Sunday, November 27, 2011

Keystone and the Decision to Depend On Mideast Oil

Though America has said it wants to rely less on imported oil from the troubled Middle East, it is a shame that America in the Keystone decision has elected not to buy oil from its economically and politically stable neighbor.

Nearly two weeks ago the Obama administration announced that it was delaying approval of the Keystone pipeline as yet another study needed to be conducted (reminds me of governments pushing a topic into an endless series Royal Commission as a means to delay something unduly or even kill it without saying so). The Obama administration has made a misstep on this matter. Studies have been done which have addressed various environmental concerns.

True no pipeline is risk free of spills occurring. No off-shore or even on-shore, oil rig is risk free of spills, nor are tankers that come along our shores and to our ports. The hundreds of thousands of gasoline trucks that travel contain higher risks of that a modern pipeline using the state of the art technologies. Do we stop trucks from traveling the road, tankers bringing crude to our shores, or do we stop drilling? No. Instead we manage risk in a thoughtful manner by learning from past miscalculations and utilize the best technology that is reasonable.

Will the Obama’s administration stall the development of the Alberta oil sands? Anyone who is an opponent of the Keystone is badly mistaken if they think it will end or even slow down the development of the oil sands project. Let’s make no mistake the oil in the tar sands will be coming out of the ground! It is a matter of to whom will the oil be sold, to the USA or to Pacific Rim countries which have robust economies that rely heavily upon imported oil such as Japan, China and Australia.

The question Canada should be asking of the American administration is simple, is the United States prepared to take delivery of the oil within five years? If the answer is not yes, but maybe eventually after we study the matter further for a few more years, then the Canadian response should be straight forward…announce that Canada will sell elsewhere and to that end will be adding to its pipeline infrastructure to the west coast as Canada has made a commitment to sell its oil to Japan, China and other Pacific Rim countries. Of course the American reaction to loosing such a quantity of oil so close at hand will be negative. The Canadians can readily reply that America was the preferred buyer but when America was not willing to commit, Canada elected to allow the free market determine that the oil would be going to other countries.

For Canada there are two economic advantages for selling tar sands oil to China and Japan. Both countries are willing to pay a significantly higher price than the Americans. Hence, Canada would have more net income, some of which could be used to decrease the crude it sells for internal consumption. Lower internal crude prices would enable Canada to have lower gas prices than the US and thereby giving Canadian firms another competitive advantage as a result of lower energy costs. Also, the pipeline would travel further across Canadian soil and the tanker port would be on Canadian shores all of which mean more jobs for Canadians than would be an pipeline running to the USA.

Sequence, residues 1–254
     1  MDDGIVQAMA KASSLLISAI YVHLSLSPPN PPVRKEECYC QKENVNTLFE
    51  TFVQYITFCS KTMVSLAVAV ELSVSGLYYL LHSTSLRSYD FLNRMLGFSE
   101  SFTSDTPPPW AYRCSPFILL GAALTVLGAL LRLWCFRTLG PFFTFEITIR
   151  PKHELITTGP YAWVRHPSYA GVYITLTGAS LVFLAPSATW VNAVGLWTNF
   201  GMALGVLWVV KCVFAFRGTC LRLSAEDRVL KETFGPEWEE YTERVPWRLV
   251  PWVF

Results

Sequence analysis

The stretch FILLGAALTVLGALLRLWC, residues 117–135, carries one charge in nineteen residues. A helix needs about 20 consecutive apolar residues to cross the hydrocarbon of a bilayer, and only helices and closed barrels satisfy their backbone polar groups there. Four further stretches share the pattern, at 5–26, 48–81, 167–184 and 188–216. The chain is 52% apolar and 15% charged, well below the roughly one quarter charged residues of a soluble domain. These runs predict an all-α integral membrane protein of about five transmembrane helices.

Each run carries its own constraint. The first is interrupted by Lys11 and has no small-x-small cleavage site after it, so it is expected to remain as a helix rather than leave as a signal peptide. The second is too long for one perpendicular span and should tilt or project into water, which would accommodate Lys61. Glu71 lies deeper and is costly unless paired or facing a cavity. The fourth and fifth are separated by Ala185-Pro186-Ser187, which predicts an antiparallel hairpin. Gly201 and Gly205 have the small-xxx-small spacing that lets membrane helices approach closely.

Sunday, November 20, 2011

Penn State Football and Joe Paterno

Yesterday, Penn State won its first game in almost 46 years without Joe Paterno as its coach. People in the know saw signs that this day would come either at the beginning of next season or the next. That it came mid-season after being fired is the shocker and the reason is heart-breaking.

The press has been all over the Sandusky sex story and Paterno’s illustrious career is forever tarnished. Questions regarding when he knew, what he did, why he did not do more will continue to be analyzed and debated. Those who are strong Paterno fans will continue minimize his culpability. On the other side, there will be those on the opposite size who will forever consider Paterno guilty of a tremendous crime and held just short of being the actual perpetrator of the sex acts. The truth likely lies somewhere in the middle.

One thing that concerns me somewhat is that Paterno’s actions are being judged by 2011 expectations and standards, not by the American understanding and standards of the mid 1990s. While most of the existing laws regarding reporting of suspicions were already in place when Paterno was informed about Sundusky showering with young boys, what had not been fleshed out in the public’s mind was what is “reasonable” suspicion and how aggressive one should be on reporting that suspicion. In the intervening years “reasonable” has become defined more broadly and clearly so as to include that which was reported to Paterno. Only in the last five to ten years have background checks, working with children and reporting processes come into place at the street level.